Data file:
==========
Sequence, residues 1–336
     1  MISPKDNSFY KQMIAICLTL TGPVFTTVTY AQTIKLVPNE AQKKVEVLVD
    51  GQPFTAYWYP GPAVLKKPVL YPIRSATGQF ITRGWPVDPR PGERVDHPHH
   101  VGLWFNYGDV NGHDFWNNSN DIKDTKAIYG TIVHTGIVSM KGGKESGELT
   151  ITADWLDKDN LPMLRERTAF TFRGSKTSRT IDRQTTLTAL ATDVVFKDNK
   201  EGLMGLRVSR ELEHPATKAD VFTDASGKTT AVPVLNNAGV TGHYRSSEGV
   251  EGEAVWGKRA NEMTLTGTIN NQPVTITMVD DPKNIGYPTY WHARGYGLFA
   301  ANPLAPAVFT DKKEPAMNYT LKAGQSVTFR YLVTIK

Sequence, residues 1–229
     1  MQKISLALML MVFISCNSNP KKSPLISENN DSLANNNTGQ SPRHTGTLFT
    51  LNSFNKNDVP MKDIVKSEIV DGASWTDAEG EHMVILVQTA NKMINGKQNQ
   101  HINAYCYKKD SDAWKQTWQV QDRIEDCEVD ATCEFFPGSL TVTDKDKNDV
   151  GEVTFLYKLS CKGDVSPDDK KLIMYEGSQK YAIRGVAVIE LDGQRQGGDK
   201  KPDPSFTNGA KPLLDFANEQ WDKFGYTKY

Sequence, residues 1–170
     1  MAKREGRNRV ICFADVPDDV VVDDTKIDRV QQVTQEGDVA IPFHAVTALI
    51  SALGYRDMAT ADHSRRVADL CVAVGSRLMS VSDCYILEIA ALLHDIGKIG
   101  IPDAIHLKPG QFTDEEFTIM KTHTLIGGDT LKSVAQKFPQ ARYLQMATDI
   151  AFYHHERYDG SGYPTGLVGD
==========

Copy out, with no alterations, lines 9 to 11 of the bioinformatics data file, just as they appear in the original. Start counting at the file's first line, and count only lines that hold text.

Sequence, residues 1–229
     1  MQKISLALML MVFISCNSNP KKSPLISENN DSLANNNTGQ SPRHTGTLFT
    51  LNSFNKNDVP MKDIVKSEIV DGASWTDAEG EHMVILVQTA NKMINGKQNQ